Tuesday, April 15, 2014

Kinder Bunnies

I think this is becoming one of my favorite Kindergarten lessons.  It's great project for spring.  This year the timing has been wonderful as we completed these the week prior to Easter.  They are going home this week and I am sure will be a wonderful addition to many a family celebration.  Week one, students used a tracer to make a contour bunny on a 12x18 sheet of blue construction paper.  Using white tempera and a small cube sponge cut from a standard household sponge, students proceeded to pounce or hop with the sponge to fill in the form of the bunny.  These were set aside to dry for week two.
Today was week two.  Students were given construction paper crayons to embellish their bunnies.  First three shades of green and a brown were used to draw the grass.  I had the students imagine their spring bunny hiding in tall, tall grass as they used their crayons.  The green grass was tall and the browns grass was stubby and shorter.  Next two shades of pink were selected for adding the color in the bunnies ears, a nose, and the eye.  Finally, students were encouraged to complete their compositions by adding touches of spring through multi-colored flowers, butterflies, bees or anything else from their imagination.  I was really pleased with how these turned out and the students were thrilled by the oohhs and aahhs as they walked down the hall carrying their completed projects.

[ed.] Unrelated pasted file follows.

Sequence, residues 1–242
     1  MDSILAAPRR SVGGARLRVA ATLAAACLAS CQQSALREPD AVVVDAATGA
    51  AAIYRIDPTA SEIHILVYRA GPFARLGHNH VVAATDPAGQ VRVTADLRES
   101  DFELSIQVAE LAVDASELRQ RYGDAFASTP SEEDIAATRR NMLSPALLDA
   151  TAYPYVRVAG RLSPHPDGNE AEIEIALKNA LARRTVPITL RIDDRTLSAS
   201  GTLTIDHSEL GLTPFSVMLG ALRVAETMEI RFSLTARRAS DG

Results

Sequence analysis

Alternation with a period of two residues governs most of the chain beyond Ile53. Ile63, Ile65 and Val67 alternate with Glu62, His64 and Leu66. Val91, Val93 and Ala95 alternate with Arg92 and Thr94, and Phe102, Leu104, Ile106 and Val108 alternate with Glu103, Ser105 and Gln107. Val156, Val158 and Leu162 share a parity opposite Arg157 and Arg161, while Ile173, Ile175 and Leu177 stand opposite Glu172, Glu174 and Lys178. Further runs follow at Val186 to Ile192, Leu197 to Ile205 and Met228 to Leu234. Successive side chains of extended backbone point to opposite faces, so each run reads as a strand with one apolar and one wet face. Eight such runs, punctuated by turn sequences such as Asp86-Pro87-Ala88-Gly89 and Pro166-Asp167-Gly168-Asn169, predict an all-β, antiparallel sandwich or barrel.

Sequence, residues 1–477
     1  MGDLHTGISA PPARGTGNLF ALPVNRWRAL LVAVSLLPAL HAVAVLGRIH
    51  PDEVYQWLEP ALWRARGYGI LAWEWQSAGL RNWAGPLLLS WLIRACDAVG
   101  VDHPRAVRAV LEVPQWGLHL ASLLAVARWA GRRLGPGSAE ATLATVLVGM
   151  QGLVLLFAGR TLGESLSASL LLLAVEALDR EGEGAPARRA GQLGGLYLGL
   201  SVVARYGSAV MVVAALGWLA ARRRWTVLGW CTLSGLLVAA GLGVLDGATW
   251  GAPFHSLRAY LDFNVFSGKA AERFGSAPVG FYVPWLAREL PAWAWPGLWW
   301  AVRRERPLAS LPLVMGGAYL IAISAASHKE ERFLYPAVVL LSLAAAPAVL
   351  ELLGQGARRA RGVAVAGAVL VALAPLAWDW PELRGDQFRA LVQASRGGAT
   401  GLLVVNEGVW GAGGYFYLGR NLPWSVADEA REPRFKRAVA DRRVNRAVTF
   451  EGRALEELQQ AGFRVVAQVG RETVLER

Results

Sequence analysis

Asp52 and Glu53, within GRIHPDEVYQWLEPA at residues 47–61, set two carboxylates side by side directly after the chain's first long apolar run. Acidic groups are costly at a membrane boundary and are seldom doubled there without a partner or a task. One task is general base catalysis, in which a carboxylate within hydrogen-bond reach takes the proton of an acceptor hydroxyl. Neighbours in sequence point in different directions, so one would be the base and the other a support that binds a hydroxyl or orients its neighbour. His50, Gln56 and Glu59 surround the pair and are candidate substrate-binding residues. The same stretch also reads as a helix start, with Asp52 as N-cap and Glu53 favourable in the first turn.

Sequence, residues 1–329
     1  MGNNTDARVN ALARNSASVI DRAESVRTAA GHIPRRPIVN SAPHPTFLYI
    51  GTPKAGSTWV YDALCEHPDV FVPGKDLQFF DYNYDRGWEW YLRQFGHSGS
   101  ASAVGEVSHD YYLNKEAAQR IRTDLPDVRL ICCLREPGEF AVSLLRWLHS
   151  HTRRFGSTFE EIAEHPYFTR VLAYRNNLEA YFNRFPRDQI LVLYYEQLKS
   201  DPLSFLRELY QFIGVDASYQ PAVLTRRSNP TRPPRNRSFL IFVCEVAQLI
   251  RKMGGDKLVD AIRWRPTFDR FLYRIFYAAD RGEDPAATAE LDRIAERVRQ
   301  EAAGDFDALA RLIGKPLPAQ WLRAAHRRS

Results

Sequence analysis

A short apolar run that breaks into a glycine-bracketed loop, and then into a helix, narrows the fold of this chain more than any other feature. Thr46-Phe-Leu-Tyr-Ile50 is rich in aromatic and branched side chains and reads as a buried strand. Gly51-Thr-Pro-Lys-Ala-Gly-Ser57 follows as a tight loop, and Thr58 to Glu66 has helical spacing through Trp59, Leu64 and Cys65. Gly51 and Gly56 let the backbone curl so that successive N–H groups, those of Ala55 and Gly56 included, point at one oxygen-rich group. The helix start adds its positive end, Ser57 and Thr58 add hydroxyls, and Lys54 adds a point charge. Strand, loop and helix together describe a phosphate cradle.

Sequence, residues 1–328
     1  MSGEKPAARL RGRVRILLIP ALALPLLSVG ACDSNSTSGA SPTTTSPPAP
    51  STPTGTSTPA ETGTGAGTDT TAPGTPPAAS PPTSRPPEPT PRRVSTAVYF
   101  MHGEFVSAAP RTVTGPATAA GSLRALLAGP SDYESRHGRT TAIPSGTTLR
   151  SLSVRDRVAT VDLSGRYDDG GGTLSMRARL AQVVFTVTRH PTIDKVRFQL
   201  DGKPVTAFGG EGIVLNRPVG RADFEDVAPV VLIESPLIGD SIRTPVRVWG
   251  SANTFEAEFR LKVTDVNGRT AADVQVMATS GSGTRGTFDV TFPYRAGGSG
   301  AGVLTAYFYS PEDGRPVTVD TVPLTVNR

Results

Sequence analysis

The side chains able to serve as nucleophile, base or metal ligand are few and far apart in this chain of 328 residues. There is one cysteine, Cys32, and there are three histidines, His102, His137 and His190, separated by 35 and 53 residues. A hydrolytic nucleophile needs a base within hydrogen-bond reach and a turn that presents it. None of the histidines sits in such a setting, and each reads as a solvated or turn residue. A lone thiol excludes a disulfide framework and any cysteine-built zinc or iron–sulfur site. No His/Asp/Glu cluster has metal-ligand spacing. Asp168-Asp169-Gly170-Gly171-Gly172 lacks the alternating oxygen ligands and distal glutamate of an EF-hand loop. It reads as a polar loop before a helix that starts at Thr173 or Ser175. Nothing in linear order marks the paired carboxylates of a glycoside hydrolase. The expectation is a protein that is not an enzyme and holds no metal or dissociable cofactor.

Saturday, April 5, 2014


My principal recently emailed everyone looking for a place to move a metal shelf.  I jumped at the opportunity to have it placed in the kiln room.  It has been such an asset this year for managing the approximately 400 pieces of green ware that have passed through the kiln room.  I have always found organizing clay pieces and keeping them safe to be a real challenge.  It is the worst possible mishap when I accidentally break a student's work.  I avoid that by carefully managing each piece.  This shelf has made a rough situation so bearable!  Crazy really that I am writing about this wonderful addition of a metal shelf!!  Today I took a few pictures of my clay organization.

3rd grade work
Each plastic bin is labeled by grade and day of the week.  As I unload the kiln, I sort the works into the bins.  I will apply wax resist by class and the glazing will begin!  With the bins labeled it is easy to prioritize which classes I need to work with and in what order.  The 3rd grades will not glaze but will instead paint their pieces.  There is a lot of work there; thanks goodness, no wax resist!  The rack those are store on was assembled from a metal cube system.  It was suppose to go together with plastic caps connecting the intersections.  Instead it is assembled with plastic ties from the hardware store and with extra shelves in each cube that are more suited to the sizes of my bins.